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Cameron defines his Big Society "passion"

By Tim Montgomerie

Earlier today David Cameron was in Liverpool to relaunch his vision of a 'Big Society;. He said that there were some responsibilities as Prime Minister that he did not enjoy - like cutting the deficit. The Big Society, however, was his "passion". Pasted below are defining sections of the speech.

Screen shot 2010-07-19 at 11.29.01 In the Big Society, people don't look to the state for everything: "The Big Society is about a huge culture change… where people, in their everyday lives, in their homes, in their neighbourhoods, in their workplace… don’t always turn to officials, local authorities or central government for answers to the problems they face… but instead feel both free and powerful enough to help themselves and their own communities."

Some practical examples of Big Society policies: "It’s about people setting up great new schools. Businesses helping people getting trained for work. Charities working to rehabilitate offenders... Paying public service providers by results."

Government should actively help the Big Society to grow: "We shouldn’t be naïve enough to think that if the government rolls back and does less, then miraculously society will spring up and do more. The truth is that we need a government that actually helps to build up the Big Society."

The Big Society is about "nano" decentralisation: "We must push power away from central government to local government – and we shouldn’t stop there. We should drive it down even further to what Phil Redmond has called the ‘nano’ level… to communities, to neighbourhoods and individuals."

The Big Society is about transparent information: "If we want people to play a bigger part in our society, we need to give them the information. So, for example, by releasing the data about precisely when and where crimes have taken place on the streets we can give people the power not just to hold the police to account but to go even further, and take action themselves – for instance, starting a new neighbourhood watch scheme, youth club or an after-school club if they realise that’s when most of the trouble begins."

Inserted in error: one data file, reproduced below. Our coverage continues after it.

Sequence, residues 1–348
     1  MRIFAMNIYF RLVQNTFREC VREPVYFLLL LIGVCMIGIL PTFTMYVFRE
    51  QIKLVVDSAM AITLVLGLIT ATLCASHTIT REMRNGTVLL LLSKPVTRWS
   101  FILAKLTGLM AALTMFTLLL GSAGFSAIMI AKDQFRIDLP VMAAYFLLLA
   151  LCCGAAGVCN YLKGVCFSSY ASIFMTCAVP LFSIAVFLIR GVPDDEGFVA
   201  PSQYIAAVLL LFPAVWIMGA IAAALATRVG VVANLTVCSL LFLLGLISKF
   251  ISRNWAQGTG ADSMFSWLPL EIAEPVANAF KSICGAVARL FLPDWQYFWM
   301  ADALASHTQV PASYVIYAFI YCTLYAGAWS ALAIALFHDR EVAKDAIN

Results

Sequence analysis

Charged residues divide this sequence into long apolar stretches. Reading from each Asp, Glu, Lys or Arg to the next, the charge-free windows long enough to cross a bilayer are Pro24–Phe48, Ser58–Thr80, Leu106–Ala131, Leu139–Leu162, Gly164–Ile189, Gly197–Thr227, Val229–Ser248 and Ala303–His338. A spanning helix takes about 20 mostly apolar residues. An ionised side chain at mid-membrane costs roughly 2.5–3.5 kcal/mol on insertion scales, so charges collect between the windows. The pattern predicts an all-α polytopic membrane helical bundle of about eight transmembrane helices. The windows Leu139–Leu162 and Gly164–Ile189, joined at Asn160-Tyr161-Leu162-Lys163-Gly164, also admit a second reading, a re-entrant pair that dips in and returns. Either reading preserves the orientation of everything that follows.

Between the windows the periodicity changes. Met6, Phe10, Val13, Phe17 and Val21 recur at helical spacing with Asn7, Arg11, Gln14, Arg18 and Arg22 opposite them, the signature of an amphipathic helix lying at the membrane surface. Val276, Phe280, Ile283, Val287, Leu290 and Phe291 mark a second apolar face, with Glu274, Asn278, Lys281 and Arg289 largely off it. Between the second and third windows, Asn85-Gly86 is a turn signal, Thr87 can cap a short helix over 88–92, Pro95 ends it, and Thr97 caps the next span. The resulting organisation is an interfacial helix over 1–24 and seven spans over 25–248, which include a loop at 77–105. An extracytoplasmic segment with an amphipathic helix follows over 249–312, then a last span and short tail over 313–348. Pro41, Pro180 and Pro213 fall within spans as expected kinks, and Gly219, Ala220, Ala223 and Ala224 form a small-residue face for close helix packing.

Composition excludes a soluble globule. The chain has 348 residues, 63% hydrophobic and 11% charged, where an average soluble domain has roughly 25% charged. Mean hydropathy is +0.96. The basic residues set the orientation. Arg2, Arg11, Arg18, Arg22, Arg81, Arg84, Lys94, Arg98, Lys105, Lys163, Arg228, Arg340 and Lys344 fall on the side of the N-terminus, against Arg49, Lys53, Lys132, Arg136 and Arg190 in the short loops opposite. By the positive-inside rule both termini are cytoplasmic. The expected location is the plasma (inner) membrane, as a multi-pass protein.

The Big Society is about investing in start-up community projects: "We have already said we will create a Big Society Bank to help finance social enterprises, charities and voluntary groups through intermediaries. And I can announce today that it will be established using every penny of dormant bank and building society account money allocated to England."

Neighbourhood empowerment: "New powers for local communities to take over the running of parks, libraries and post offices. More powers to plan the look, size, shape and feel of housing developments. Powers to generate their own energy and have beat meetings to hold police to account."

Local community projects will be empowered by 'Bureaucracy Busters' and community organisers: "We will make available officials from the Department of Communities and Local Government. If there’s a problem or obstacle or bureaucratic log-jam, they will be there, on hand, to help break them down and get things moving. And we’ll also work with communities to help identify and fund a community organiser for each area. These will be trained people who know how to stimulate and organise local support for – and involvement in – community action."

The full speech is on the 10 Downing Street website.


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